The data brands have collected from these interactions has allowed marketers to fine-tune their marketing tactics, and how they talk to their customers.
Although some PR professionals have seized the opportunity to evolve their communications strategies, far too many have stayed complacent, keeping their heads down and focusing on media relations and other traditional tactics that have served them well throughout the years.
But here’s the thing: Marketing budgets are increasingly shifting to focus on content marketing and other efforts that can show a concrete return-on-investment.
Although your executives or clients may get excited when an acquaintance on the golf course compliments them on their local business journal profile, they’re going to get a lot more excited when you can show them your PR efforts generated revenue for your organization.
For those of you who just rolled your eyes at the idea of PR being able to show a return-on-investment, let’s have a little chat about the PESO model, which is what makes this possible.
What is an Integrated PESO Model?
The PESO model takes the four media types—paid, earned, shared and owned—and merges them together.
- Paid media. In PR, paid media is social media advertising, sponsored content, and email marketing.
- Earned media. This is the PR industry’s bread and butter, most often referred to as publicity or media relations. It’s everything from becoming a regular contributor on a media website to having a newspaper or trade publication write about you to appearing on the noon news to talk about your company.
- Shared media. Shared media is also known as social media. It’s a primary communications channel both internally and externally.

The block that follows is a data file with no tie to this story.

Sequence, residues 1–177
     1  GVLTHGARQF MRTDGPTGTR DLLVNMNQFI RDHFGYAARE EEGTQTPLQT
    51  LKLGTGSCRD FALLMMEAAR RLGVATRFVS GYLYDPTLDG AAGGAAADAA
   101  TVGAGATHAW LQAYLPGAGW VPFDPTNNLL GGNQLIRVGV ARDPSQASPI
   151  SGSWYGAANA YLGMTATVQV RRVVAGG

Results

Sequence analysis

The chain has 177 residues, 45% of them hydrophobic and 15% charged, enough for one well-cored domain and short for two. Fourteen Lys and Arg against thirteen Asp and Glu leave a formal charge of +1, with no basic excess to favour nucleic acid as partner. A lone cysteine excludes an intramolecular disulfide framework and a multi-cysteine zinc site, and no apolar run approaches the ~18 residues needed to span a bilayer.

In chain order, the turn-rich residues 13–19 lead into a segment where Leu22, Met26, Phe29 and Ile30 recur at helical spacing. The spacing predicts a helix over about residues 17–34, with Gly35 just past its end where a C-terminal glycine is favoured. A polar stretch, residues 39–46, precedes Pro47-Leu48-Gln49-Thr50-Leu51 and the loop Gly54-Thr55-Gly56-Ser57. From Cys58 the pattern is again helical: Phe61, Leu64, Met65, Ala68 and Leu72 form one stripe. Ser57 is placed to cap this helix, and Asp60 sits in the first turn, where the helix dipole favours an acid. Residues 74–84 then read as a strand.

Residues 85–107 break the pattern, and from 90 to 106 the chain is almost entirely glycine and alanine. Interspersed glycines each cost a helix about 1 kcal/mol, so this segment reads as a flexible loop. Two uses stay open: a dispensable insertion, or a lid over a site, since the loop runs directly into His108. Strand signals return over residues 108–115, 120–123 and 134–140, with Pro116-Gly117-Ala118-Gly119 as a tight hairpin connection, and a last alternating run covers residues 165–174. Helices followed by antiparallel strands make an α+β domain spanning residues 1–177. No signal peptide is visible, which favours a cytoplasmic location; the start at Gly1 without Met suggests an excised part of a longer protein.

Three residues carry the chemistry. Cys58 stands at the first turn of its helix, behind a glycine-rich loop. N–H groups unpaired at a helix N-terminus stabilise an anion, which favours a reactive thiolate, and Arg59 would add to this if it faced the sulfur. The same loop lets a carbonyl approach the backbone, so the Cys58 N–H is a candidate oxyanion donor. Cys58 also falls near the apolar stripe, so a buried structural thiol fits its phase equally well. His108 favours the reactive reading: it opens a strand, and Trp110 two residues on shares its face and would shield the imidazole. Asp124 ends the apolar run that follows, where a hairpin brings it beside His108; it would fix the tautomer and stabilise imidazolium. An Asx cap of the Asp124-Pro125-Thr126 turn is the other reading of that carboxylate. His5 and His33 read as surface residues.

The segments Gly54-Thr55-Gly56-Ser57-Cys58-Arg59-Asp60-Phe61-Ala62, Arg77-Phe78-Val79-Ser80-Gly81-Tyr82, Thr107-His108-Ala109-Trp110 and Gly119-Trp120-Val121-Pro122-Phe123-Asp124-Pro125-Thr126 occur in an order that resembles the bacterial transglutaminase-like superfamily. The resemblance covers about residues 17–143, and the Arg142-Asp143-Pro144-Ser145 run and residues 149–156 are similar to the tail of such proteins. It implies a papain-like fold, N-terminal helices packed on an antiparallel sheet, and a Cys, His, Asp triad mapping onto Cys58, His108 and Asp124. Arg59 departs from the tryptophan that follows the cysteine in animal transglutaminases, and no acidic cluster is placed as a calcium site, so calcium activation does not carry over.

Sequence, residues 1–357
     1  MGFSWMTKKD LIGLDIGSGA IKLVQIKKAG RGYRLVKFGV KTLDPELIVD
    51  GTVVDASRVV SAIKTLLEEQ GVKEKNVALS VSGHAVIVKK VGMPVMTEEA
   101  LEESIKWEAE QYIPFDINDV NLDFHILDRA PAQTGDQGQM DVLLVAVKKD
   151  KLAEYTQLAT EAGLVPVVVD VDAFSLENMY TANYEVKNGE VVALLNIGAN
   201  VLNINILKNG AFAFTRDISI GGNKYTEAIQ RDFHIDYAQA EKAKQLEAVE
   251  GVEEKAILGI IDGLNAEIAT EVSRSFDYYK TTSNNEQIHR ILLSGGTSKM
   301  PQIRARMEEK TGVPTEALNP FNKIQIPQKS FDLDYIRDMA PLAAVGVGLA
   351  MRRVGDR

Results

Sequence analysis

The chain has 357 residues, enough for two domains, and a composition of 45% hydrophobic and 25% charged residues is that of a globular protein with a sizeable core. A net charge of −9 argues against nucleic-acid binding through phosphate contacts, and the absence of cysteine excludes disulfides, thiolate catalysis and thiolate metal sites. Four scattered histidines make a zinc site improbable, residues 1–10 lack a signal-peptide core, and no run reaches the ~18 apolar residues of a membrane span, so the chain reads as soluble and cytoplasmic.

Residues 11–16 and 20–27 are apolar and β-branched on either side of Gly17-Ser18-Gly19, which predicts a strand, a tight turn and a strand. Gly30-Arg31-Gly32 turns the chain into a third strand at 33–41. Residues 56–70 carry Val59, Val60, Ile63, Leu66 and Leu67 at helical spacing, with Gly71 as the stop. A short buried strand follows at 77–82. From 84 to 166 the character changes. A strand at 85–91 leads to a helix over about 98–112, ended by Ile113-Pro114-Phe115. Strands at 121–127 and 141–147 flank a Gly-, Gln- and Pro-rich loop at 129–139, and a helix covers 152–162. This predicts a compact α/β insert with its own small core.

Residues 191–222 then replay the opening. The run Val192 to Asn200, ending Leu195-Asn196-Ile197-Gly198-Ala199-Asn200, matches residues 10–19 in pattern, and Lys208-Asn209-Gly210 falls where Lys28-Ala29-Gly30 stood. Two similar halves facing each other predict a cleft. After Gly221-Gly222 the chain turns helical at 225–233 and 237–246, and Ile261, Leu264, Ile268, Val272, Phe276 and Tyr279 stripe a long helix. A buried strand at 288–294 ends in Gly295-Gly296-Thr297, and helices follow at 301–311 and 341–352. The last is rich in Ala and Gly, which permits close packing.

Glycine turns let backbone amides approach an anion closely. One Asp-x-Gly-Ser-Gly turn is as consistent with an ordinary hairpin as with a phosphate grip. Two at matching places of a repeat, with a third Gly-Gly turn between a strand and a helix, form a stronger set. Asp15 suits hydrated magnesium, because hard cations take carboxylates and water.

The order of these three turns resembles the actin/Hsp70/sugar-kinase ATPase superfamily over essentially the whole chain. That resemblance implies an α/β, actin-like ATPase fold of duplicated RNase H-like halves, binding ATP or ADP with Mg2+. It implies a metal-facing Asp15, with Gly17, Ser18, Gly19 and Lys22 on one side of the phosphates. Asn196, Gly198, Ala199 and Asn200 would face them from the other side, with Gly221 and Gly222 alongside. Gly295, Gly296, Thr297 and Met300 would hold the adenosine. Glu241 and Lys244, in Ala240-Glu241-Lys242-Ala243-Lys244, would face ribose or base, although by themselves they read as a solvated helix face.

- Owned media. Owned media, aka content, is that which you produce to live on your website or blog. It’s the one channel where you completely control the messaging and tell the story in a way you want it told.
Why Owned Media is Key to the Future of PR
We developed the PESO model in 2014 as a way to highlight the evolution of the work PR practitioners do, and show the interconnection and dependence of the communications activity necessary for a successful digital communications program.
It’s incredibly difficult to measure a direct return-on-investment from most traditional media relations efforts.
By implementing the PESO model, and expanding your focus to include creating content on web properties you control, you are able to build in measurement (and thus, tracking your results) into everything you do—including media relations.
When you create valuable content resources your customers find to be interesting and informational, you will be able to build the relationships—and search engine results—that can drive revenue for your organization.
With traditional media relations efforts, you’re lucky to get a link back to your company website’s home page.
But when you’ve pitched a journalist on a topic that you have strong, non-promotional content to support, you’re able to earn links directly to that content, which, in turn, allows you to start tracking the influence your PR efforts have on your lead funnel.
I understand this can seem like a daunting premise, especially in matrixed organizations wherein paid, earned, shared, and owned media have separate budget owners and priorities.
But I’ve seen the model work in a number of organizations, that are now seeing real revenue results from their PR programs.
This takes PR out of the nice-to-have marketing category that’s first on the budget chopping block, into an integral part of your business growth strategy.
A version of this first appeared on the Cision blog.